Using 3D Printers to Transform Learning in Undergraduate Mechanical Engineering Courses


Get ready, future engineers.  Through a collaboration between CASTL-HE and faculty in the UVA School of Engineering and Applied Science and the Curry School of Education, undergraduate mechanical engineering courses are about to be radically transformed.  Thanks to high-tech design software and 3D printers (also called fabricators), mechanical engineering students in undergraduate dynamics courses will no longer have to puzzle over two-dimensional textbook drawings of dynamic components.  Instead, they’ll reproduce those static drawings in CAD (computer-aided design), create the actual parts with 3D printers, then design and create a dynamic mechanism from scratch using these same innovative technologies.  These new approaches will allow those students newest to the field to more easily connect basic engineering concepts with their practical applications in real-world engineering.

This project responds to a range of concerns about pedagogy in undergraduate engineering courses.  Some mathematically gifted students find introductory courses too applied, while other students with a penchant for hands-on design and construction often find such courses too abstract.  Edward Berger, Associate Dean for Undergraduate Programs in the UVA School of Engineering and Applied Science and Associate Professor of Mechanical Engineering, believes that “achieving better outcomes through improved pedagogy and assessment is a real priority … Individuals are certainly doing some great things, but large scale overhauls at the department or school level are quite rare.”  Pedagogical innovation using 3D printer technology promises to improve learning for young engineering students in the Department of Mechanical and Aerospace Engineering at UVA.

“[A]chieving better outcomes through improved pedagogy and assessment is a real priority…”  Edward Berger, Associate Dean for Undergraduate Programs and Associate Professor of Mechanical Engineering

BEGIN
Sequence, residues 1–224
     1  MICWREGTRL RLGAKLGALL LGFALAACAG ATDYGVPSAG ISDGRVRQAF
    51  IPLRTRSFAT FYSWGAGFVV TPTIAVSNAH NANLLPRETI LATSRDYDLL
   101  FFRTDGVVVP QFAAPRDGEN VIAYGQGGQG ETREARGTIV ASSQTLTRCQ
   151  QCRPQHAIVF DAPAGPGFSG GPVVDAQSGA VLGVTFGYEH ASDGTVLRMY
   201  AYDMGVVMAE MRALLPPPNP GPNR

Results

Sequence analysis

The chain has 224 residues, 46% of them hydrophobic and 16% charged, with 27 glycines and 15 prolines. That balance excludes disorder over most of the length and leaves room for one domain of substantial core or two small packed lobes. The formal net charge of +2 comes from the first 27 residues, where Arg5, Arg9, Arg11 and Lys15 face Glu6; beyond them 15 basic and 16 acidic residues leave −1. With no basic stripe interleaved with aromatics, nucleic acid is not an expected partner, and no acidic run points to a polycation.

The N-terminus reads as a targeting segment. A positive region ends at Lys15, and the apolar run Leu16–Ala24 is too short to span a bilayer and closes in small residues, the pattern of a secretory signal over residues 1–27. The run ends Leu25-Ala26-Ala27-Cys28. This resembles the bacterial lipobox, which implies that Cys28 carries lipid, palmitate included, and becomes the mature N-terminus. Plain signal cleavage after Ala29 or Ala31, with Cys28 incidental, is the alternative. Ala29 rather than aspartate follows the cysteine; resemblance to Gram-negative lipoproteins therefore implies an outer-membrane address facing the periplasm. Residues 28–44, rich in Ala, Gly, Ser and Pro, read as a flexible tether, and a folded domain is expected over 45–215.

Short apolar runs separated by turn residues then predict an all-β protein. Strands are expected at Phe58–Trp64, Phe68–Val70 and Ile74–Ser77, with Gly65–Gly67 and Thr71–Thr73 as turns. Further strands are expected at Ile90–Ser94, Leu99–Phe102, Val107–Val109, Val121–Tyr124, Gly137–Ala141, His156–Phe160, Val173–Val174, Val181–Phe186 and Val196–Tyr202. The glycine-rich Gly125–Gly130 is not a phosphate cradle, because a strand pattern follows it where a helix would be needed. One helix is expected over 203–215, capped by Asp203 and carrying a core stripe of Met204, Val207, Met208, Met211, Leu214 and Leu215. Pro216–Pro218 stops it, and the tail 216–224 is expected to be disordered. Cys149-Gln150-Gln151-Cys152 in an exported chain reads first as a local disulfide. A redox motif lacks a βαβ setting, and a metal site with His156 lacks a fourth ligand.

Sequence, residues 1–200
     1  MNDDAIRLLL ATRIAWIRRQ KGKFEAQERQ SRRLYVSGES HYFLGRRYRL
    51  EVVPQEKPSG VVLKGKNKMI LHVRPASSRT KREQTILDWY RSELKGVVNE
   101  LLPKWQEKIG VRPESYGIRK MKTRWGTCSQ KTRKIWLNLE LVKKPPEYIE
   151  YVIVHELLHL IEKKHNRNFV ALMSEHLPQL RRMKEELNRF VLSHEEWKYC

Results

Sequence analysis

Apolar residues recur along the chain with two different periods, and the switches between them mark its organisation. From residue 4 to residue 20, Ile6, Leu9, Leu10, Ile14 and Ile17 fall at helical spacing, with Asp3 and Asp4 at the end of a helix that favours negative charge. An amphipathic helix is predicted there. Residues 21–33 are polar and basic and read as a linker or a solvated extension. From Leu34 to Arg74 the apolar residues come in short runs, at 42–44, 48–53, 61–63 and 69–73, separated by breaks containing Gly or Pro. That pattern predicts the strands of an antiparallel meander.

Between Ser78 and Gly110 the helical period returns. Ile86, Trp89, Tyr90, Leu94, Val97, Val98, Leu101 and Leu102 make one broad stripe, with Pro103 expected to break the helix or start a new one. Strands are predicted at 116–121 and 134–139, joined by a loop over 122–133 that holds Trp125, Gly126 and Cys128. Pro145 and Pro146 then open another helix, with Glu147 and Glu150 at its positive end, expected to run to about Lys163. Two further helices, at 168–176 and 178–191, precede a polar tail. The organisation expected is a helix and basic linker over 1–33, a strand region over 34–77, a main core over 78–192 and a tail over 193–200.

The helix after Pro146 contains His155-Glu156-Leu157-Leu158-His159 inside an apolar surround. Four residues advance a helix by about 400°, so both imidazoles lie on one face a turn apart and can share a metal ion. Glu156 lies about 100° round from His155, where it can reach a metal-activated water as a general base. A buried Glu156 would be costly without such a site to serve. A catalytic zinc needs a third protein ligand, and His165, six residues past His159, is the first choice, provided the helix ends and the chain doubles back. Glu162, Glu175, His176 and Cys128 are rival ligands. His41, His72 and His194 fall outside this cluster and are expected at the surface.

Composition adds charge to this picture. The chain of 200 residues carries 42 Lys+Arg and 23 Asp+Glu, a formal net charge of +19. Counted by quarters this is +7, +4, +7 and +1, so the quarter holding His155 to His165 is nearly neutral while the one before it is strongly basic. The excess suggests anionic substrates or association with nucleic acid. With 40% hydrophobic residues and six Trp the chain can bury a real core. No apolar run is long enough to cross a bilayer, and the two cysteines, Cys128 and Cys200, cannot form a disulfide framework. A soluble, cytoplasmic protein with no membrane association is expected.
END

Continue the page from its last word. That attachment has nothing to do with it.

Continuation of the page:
UVA currently has seven state-of-the-art Dimension 3D printers to help make such pedagogical innovations possible.  These printers create three-dimensional objects by depositing molten plastic in thin layers, not unlike a robotic arm holding a hot glue gun, building an object a single layer at a time.  Dynamic mechanisms can be printed out fully assembled, so there’s very little post-fabrication work to be done.  What’s more, the associated design software is intuitive, making it easy for students to convert their CAD designs into 3D objects. Assistant Professor of Mechanical Engineering Gavin Garner has spearheaded the use of these printers in engineering courses, and he’s passionate about using them to transform pedagogical approaches for students.

Jennifer Chiu, Assistant Professor in the Curry School of Education and an expert in Science, Technology, Engineering, and Math education, believes this project will dramatically enhance student learning.  “[T]echnological innovations create ways to augment what faculty are already doing,” she says.  “Being able to visualize motion opens access to core dynamics concepts.  In this way students are able to actually engage in problem-solving and understand core content instead of trying to figure out the problem.”  It’s no surprise that Dr. Berger agrees:  “Visualization skills are critical and … improving [them] early in the curriculum will pay dividends in the future.”  In addition to developing students’ problem-solving skills and content knowledge, 3D visualization and printing may very well help to improve young undergraduates’ attitudes towards engineering as a major and a career.

This project promises to have a broad impact at UVA and beyond.  On Grounds, it will serve as a pilot study for future applications of 3D technology in introductory courses throughout the School of Engineering and Applied Science.  And through a partnership with Pearson, Inc., publishers of Dynamics by R. C. Hibbeler, the most widely adopted undergraduate dynamics textbook in schools of engineering across the country, instructors will have access to the visualization instructional units Drs. Berger and Garner will create.  So teaching and learning in mechanical engineering classrooms is about to be radically transformed—and you won’t even need 3D glasses to experience it.

Partnership with the UVa School of Engineering and Applied Sciences

CASTL-HE Researcher: Karen Kurotsuchi Inkelas

Collaborators: Edward Berger, Gavin Garner, and Jennifer Chiu